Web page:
Personal Relationships (7)
I noted in my last post about the book that although I’d initially thought I’d cover the rest of the book in that post, I at the end found myself unable to do so because the post would end up being too long; this post will cover the remaining chapters and points of interest and will be the last post about the book.
The first of the remaining chapters is a chapter about ‘Maintaining Relationships’; as usual most of the coverage focuses on romantic relationships. Some quotes:
“The most frequent focus of maintenance research has been the identification of behaviors or interactions that relational partners can enact to sustain their relationship […]. Numerous typologies of such behaviors exist […] Stafford and Canary’s (1991) initial research on the topic generated five positive and proactive maintenance strategies, which have become widely used […] Positivity refers to attempts to make interactions pleasant. These include acting nice and cheerful when one does not feel that way, performing favors for the partner, and withholding complaints. Openness involves direct discussion about the relationship, including talk about the history of the involvement, rules made, and personal disclosure. Assurances involve support of the partner, comforting the partner, and making one’s commitment clear. Social networks refers to relying on friends and family to support the relationship (e.g., having dinner every Sunday at the in-laws). Finally, sharing tasks refers to doing one’s fair share of household chores […] Early on, Duck (1988) questioned the extent to which maintenance behaviors are intentionally enacted. This issue is central because it addresses whether maintenance as a process requires effort and planning or occurs as a by-product of relating. […] some behaviors might start as strategies but over time become routine […] Dainton and Aylor (2002) found that the same behaviors are used intentionally and unintentionally […] [They] speculated that maintenance might be performed routinely until something happens to disrupt the routine. At that point, relational partners might turn to strategic maintenance enactment. As such, routine maintenance might be used during times when preferred levels of satisfaction and commitment are experienced, and strategic maintenance might be enacted during times of perceived uncertainty.”
“One popular axiom is that relationships are easy to get into and hard to get out of, and evidence exists to support this axiom. Attridge (1994) reviewed various “barriers” to dissolving romantic relationships […] Attridge noted that both internal and external barriers prevent people from treating marriages like blind dates and that smart relational partners would make use of barriers to keep their relationships intact (e.g., remind the partner of religious premises of marriage). In terms of internal barriers that Attridge (1994) reviewed, the first is commitment. […] Next, one’s religious beliefs regarding the sanctity of marriage compel people to remain. Also, one’s self-identity – that is, viewing oneself in terms of the relationship – acts as a barrier to dissolution. Next, irretrievable personal investments (such as spending time with the partner) work against dissolution. Finally, Attridge argued that the presence of children acted as an internal barrier, especially for women; women who have children are more likely to remain in a marriage than are women without children.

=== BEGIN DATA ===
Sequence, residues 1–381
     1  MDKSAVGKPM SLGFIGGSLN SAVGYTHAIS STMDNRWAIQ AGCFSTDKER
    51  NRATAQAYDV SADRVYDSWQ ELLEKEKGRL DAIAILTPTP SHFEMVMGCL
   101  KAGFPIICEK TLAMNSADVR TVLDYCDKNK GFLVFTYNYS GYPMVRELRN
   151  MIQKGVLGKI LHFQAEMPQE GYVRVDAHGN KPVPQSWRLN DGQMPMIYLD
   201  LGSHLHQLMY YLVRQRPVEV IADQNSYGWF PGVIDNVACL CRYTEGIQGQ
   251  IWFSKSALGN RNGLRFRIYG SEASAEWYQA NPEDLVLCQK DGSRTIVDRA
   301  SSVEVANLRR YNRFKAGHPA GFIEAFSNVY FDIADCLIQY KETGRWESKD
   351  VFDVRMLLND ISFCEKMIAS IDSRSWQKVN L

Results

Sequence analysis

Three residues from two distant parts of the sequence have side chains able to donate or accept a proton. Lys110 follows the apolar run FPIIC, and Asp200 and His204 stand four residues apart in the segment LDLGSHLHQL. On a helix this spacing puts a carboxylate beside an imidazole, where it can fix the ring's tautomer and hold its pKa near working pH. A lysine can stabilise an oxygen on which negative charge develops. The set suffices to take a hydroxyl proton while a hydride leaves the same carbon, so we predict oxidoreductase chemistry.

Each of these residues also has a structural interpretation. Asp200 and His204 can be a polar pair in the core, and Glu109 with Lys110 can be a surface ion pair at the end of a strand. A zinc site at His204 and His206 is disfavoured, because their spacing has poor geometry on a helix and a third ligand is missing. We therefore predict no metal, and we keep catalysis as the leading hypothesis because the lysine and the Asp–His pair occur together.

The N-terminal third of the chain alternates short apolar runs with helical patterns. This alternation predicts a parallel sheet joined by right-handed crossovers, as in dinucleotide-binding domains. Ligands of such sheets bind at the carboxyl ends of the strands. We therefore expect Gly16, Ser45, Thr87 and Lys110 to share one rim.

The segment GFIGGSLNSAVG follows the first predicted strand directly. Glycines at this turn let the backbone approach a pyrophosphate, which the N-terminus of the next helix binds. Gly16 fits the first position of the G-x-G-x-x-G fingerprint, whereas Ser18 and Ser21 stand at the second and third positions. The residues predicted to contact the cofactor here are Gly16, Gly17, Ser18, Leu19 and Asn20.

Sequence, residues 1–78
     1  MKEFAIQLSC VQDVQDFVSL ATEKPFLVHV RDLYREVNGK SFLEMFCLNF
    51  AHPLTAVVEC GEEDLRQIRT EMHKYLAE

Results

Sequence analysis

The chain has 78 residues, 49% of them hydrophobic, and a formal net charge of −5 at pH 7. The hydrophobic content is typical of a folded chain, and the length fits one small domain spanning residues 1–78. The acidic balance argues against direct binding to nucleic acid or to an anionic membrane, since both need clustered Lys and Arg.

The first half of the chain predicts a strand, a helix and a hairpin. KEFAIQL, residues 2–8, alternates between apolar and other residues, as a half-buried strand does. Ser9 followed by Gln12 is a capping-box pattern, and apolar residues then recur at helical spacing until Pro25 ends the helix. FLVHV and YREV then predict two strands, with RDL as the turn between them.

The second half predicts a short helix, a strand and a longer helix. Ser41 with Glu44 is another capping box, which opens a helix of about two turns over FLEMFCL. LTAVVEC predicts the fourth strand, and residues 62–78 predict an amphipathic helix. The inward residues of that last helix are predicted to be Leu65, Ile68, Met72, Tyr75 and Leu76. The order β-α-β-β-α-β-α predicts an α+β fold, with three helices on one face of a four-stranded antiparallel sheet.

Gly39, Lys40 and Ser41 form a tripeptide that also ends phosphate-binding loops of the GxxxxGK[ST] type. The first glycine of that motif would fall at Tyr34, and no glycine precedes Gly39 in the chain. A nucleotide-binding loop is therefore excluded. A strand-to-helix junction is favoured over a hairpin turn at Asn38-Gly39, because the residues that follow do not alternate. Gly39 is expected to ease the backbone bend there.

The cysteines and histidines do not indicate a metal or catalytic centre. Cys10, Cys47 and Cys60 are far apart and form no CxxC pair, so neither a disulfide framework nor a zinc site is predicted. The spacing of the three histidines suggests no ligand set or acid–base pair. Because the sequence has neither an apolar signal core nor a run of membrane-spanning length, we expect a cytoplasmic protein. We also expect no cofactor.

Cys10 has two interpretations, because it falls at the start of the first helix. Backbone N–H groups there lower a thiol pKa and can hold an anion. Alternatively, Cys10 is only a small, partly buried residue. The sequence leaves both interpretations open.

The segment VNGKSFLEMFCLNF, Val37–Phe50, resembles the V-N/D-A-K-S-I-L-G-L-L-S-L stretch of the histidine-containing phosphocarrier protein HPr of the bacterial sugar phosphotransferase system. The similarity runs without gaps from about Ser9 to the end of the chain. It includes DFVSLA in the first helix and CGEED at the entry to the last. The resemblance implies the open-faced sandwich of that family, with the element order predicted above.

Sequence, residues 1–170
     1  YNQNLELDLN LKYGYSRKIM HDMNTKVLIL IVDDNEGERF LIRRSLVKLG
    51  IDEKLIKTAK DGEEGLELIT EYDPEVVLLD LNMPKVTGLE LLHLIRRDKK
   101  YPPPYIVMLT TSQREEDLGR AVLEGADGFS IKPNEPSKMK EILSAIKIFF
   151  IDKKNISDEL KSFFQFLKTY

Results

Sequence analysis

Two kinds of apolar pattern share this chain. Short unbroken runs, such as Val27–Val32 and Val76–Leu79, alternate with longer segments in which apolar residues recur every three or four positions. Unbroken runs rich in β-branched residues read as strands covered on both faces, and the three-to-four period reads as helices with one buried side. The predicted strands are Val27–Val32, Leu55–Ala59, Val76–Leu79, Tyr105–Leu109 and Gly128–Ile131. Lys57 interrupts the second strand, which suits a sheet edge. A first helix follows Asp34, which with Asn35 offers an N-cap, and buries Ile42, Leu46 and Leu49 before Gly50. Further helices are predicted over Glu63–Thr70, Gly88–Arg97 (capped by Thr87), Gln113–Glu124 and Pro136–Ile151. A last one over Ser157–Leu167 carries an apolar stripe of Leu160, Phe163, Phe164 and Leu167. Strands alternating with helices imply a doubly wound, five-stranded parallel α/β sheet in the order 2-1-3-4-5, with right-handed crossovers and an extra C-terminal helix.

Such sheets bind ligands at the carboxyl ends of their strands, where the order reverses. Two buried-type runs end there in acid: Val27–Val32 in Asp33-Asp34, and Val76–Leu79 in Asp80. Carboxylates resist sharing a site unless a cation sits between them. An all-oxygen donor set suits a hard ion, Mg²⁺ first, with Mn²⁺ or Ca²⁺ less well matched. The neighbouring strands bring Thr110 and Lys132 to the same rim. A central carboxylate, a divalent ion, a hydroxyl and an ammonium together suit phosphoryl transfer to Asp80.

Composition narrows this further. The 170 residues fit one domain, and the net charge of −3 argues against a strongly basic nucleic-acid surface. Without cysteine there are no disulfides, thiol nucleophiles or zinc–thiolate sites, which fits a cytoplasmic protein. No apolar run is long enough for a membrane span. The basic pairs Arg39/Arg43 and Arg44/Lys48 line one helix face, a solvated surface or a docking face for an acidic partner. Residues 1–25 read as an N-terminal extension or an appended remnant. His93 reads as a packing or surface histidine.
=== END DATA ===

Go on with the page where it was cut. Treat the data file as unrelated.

In terms of external barriers, Attridge (1994) cited several. Not surprisingly, these include legal barriers, financial obligations, and social networks that promote the bond. In addition to these, we would add a perception of a lack of alternatives. Both Rusbult and Johnson’s models indicate that having no perceived alternatives increases one’s commitment to the partner. Both Johnson (2001) and Rusbult and Martz (1995) have shown that abused women remain in these marriages because they perceive that they have no alternative associations or resources that they can leverage to leave their unhappy state. Conversely, Heaton and Albrecht (1991) found that “social contact – whether having potential sources of help, receiving help, or spending social and recreational time away from home – is positively associated with instability” […] Relationships with barriers are probably stable, but they do not necessarily contain characteristics that demarcate a high-quality relationship. To ensure the continuation of such qualities, one needs to engage in individual and relational strategies that help create and sustain liking, love, commitment, and so forth.”
“research shows that maintenance strategies provide the bases for increases in intimacy […]. That is, the use of maintenance behaviors helps dating partners develop their involvements. Moreover, people who do not engage in maintenance behaviors are more likely to de-escalate or terminate their relationships […] Yet the functional utility of maintenance behaviors does not endure for long. […] Canary, Stafford, and Semic (2002) conducted a panel study examining married partners’ maintenance activity and relational characteristics (liking, commitment, and control mutuality) at three points in time, each a month apart. They found that maintenance behaviors are strongly associated with relational characteristics concurrently, but that the effects completely fade within a month’s time (when controlling for the previous months’ reports). Thus, it appears that maintenance strategies must be used continuously if they are to sustain desired relational characteristics. Being positive, assuring the partner of one’s love and commitment, sharing tasks, and so forth represent proactive relational behaviors to be sure, but they must be enacted on a regular basis to matter.”